Kerry S. Campbell, PhD
Office Phone: 215-728-7761
Lab Phone: 215-728-7762
Natural killer (NK) cells constitute about 10-15% of the normal lymphocytes in human peripheral blood. They are important sentinels of the innate immune system that can detect and kill tumor cells and virus-infected cells, and produce cytokines, including interferon-γ and tumor necrosis factor-α. NK cells are regulated by a dynamic balance between positive and negative intracellular signals that are transduced from cell surface activating and inhibitory receptors. This makes them an ideal cellular model system to study signal transduction crosstalk. Our goal is to understand the molecular mechanisms by which NK cells recognize and attack abnormal cells in the body, but are tolerant toward normal cells. This knowledge should lead to therapeutic strategies that can enhance NK cell responsiveness toward tumors and viruses in patients.
Killer cell immunoglobulin-like receptors (KIRs) are key regulators of human NK cell function. KIRs bind major histocompatibility complex class I (MHC-I) molecules on the surfaces of all healthy normal cells in the body. Upon detecting MHC-I, KIRs transduce a negative intracellular signal that suppresses NK cell killing responses. The inhibitory signal derived when KIR detect MHC-I is important for establishing tolerance toward normal cells. Many abnormal tumor cells and virally infected cells eliminate MHC-I expression, however, which abolishes the KIR negative signals and releases the NK cells to specifically attack only these abnormal cells and eliminate them from the body. We are studying the molecular mechanisms controlling the function and surface expression of KIRs. Improved understanding of the regulation of KIR should lead to therapeutic treatments to lower the NK cell activation threshold to more efficiently attack tumor cells and virus-infected cells.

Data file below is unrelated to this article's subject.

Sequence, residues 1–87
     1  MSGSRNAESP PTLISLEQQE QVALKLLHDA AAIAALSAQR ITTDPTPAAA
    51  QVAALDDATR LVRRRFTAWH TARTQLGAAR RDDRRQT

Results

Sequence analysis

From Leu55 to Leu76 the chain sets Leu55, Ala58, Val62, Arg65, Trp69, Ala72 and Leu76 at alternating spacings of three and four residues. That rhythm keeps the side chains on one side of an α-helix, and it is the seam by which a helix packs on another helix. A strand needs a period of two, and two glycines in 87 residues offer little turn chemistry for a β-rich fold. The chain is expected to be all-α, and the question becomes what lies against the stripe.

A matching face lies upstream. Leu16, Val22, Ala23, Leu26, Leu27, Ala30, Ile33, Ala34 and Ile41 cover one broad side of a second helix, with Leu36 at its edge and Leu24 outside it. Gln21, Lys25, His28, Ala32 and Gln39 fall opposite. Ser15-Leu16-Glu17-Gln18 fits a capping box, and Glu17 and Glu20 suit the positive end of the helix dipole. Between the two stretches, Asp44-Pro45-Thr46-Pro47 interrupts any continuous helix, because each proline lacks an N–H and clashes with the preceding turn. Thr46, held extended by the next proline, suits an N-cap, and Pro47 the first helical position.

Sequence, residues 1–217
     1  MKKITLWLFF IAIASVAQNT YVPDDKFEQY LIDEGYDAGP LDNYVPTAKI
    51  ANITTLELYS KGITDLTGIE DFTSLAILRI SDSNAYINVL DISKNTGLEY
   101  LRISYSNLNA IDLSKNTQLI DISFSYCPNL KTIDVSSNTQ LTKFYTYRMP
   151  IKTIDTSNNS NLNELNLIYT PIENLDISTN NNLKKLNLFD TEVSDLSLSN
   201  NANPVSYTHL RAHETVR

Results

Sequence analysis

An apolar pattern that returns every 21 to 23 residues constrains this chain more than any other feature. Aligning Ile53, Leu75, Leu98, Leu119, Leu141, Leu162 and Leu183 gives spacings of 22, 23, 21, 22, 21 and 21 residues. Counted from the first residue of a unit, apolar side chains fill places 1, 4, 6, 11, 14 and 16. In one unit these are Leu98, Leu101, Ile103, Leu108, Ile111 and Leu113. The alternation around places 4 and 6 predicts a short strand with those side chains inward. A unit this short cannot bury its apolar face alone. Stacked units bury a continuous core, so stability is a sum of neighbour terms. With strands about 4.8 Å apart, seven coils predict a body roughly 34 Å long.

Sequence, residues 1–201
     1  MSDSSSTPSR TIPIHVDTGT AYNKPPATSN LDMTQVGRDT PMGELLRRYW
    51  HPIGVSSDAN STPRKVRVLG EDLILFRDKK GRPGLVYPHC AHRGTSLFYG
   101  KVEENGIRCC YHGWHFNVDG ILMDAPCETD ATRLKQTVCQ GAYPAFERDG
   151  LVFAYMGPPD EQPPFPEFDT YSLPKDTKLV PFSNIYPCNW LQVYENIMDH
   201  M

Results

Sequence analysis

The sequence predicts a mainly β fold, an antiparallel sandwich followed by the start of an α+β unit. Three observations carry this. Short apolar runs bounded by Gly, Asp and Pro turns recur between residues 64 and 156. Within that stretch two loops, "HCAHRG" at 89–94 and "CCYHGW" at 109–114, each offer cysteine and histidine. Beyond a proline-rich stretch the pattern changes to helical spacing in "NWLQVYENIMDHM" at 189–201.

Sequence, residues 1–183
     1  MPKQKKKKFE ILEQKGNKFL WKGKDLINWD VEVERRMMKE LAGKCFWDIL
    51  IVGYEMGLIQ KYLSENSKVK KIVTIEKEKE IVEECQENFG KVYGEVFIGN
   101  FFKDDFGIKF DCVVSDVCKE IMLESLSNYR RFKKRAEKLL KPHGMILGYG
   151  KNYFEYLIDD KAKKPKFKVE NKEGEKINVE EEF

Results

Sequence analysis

In addition, we are also studying the contributions of NK cells in immune responses toward cancer. Multiparametric flow cytometry is being employed to study the phenotype and function of NK cells in the peripheral blood of cancer patients. Current patient cohorts under study include indolent B cell lymphoma, renal cell carcinoma, melanoma and multiple myeloma. Immunotherapies that enhance NK cell function to treat cancer are also under study, including therapeutic antibodies targeting PD-1, KIR, and SLAMF7. We are characterizing mechanisms by which these antibodies enhance NK cell antitumor responses through blocking inhibitory pathways or initiating antibody dependent cellular cytotoxicity (ADCC) responses.